We have been working in Uganda since 2006 and have helped millions of Ugandans and refugees alike build a path to a stronger tomorrow. Our programs focus on helping people adapt their livelihoods in the face of climate change, supporting small businesses, improving agriculture production, bettering public health systems and empowering women and girls. In 2017, our services reached 1.2 million Ugandans and refugees.
After a generation of conflict and instability, including multiple civil wars, Uganda is a stable country with a population of 41.5 million people.
Although Uganda is in a state of stability, some of its neighbors are not. Because of ongoing violence and conflict in South Sudan and Democratic Republic of Congo, Uganda is now the second largest refugee-hosting country on the planet, after Lebanon. Almost 1.1 million refugees have fled their home countries to seek refuge in Uganda.
The growing population is putting an increasing strain on already limited resources. Basic necessities like food and clean drinking water are out of reach for far too many Ugandans and refugees. One out of every four people in Uganda is malnourished and one out of every three children under the age of five is stunted due to malnourishment.
A majority of Ugandans, seven out of every 10, make a living in the agricultural sector. The increasing consequences of climate change are making it more difficult for Ugandan farmers to make a living. Many farmers across Uganda are reporting lower yields, which is contributing to mass malnutrition. Unequal access to quality seeds and tools are disproportionately impacting poorer Ugandan communities, leading to an even higher risk of malnutrition and stunted growth.
Despite these challenges, the people of Uganda are resilient and welcoming hosts of their South Sudanese and Congolese neighbors. By strengthening the local agricultural economy, assisting refugees, increasing knowledge on health and nutrition and more, we are helping build a stronger tomorrow for all of Uganda.
Our Uganda field team is made up of 300 members located on eight different bases across the country and is led by Country Director Iveta Ouvry. 95% of our 300 team members are Ugandan and have a unique and personal understanding of the issues facing their country and individual communities.
The work we’re doing in Uganda focuses on supporting both Ugandans and refugees fleeing conflict from neighboring countries. Our core work is in agricultural development — supporting farmers to increase productivity through climate-smart agriculture techniques. We offer this program to Ugandans and refugees. We also work on maternal-child health and nutrition and with communities to resolve local conflicts in a peaceful way.
Since 2006, our work in Uganda has reached millions of people and helped provide support for young people, professional development opportunities for farmers and more. Here are a few of our most recent results:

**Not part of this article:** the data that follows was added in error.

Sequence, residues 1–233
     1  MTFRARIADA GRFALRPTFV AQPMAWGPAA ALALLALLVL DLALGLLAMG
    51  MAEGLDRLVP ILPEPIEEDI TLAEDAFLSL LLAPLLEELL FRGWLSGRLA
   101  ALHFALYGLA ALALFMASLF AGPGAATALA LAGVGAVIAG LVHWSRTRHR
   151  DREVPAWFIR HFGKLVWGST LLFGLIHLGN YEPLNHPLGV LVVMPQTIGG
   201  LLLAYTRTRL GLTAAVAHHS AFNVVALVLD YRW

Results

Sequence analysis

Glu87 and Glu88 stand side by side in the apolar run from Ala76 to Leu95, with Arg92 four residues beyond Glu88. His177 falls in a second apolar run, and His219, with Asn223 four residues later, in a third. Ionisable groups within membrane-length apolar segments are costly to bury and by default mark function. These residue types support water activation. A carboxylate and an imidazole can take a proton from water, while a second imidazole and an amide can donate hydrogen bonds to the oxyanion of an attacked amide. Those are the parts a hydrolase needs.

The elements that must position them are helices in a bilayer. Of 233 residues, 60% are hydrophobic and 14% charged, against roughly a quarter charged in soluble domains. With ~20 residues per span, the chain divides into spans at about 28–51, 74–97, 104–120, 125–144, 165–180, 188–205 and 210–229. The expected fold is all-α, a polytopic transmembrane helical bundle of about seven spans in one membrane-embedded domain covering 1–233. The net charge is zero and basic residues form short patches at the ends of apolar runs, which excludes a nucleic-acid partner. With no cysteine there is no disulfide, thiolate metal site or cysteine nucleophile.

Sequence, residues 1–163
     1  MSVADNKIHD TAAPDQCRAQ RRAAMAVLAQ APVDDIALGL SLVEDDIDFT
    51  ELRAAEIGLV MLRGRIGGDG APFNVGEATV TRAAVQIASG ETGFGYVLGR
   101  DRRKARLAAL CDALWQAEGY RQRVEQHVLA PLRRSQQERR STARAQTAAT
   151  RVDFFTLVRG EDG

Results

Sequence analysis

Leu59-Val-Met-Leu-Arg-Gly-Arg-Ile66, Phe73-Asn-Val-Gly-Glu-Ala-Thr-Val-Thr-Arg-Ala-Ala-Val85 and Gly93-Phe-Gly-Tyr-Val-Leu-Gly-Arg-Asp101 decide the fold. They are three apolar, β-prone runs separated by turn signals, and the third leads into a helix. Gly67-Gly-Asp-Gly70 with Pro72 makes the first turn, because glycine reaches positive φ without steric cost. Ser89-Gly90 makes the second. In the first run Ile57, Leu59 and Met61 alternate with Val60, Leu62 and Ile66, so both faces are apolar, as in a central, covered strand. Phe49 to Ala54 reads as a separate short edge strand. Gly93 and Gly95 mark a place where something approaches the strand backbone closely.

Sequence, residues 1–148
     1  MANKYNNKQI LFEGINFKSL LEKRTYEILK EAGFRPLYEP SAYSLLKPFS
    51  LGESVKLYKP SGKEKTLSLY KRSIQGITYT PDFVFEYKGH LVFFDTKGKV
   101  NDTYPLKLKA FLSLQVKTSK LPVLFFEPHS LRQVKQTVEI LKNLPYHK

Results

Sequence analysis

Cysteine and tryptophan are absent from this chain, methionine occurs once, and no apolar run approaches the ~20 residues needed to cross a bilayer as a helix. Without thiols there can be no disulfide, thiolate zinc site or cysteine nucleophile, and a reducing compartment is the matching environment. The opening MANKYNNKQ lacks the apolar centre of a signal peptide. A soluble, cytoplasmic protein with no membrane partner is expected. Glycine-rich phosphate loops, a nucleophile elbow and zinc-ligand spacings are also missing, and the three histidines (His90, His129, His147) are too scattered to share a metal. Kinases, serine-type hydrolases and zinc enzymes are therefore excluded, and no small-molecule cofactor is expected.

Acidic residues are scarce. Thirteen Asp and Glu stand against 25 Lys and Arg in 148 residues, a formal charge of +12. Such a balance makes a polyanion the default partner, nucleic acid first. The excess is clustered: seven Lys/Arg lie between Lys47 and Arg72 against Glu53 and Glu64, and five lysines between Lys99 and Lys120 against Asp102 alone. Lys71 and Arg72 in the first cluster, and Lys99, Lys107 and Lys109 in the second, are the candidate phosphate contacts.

- In 2017, we improved the social and economic well-being of 1.2 million people.
- We’re empowering more than 8,600 girls near the Kenya-Uganda border to earn their own incomes with life-skills education courses.
- In 2017, we provided 44,142 farmer households with improved access to better seeds for addressing climate-related stresses.
How to help
Uganda: Peace Through Forgiveness
Uganda: Celebrating Peace with Soccer
Mercy Corps organized soccer matches in six countries to celebrate the Sept. 21 International Day of Peace.
Uganda: Song and dance unite a community
Uganda: Nancy Lindborg in Uganda
Mercy Corps President Nancy Lindborg, on the ground in war-torn northern Uganda, thanks donors for their generous support.
Uganda: After Twenty Years, Almost Home
Oyere, Uganda - John Bosco Akello is an important leader in this village — deputy chief, pastor, model farmer — at a time when leadership is vitally important.
Uganda: Jeremy Barnicle in Uganda
Mercy Corps team member Jeremy Barnicle, on the ground in war-torn northern Uganda, thanks donors for their generous support.
Uganda: Two voices to raise thousands
Soon, hundreds of voices will not only speak up in support of displaced Ugandan families; they'll sing out. And the sounds of jazz, heavy metal, folk, country and alternative music will rouse thousands to action.
Uganda: First Day of School, At 14
Ogonyo IDP Camp, Uganda - It might look like any other day for 14-year-old Bosco Odongo. Dressed in a pink shirt and brown shorts like his classmates, he carries a crisp new notebook and walks the dirt path leading to the village school.
Uganda: Christine: Someone to Count On
Opeyelo, Uganda - If all had gone according to plan, Christine Adong would be sitting behind a desk right now, crunching numbers. Instead, she's standing in the midst of a few dozen displaced families, listening to their stories and offering whatever help she can.
Uganda: Cecilia: A Harvest of Hope
Ogonyo Camp, Uganda - Cecilia Lamunu remembers life before the war. As she sits inside her tiny mud hut and lights a kerosene lamp against the coming darkness, you can see the past flickering in her eyes.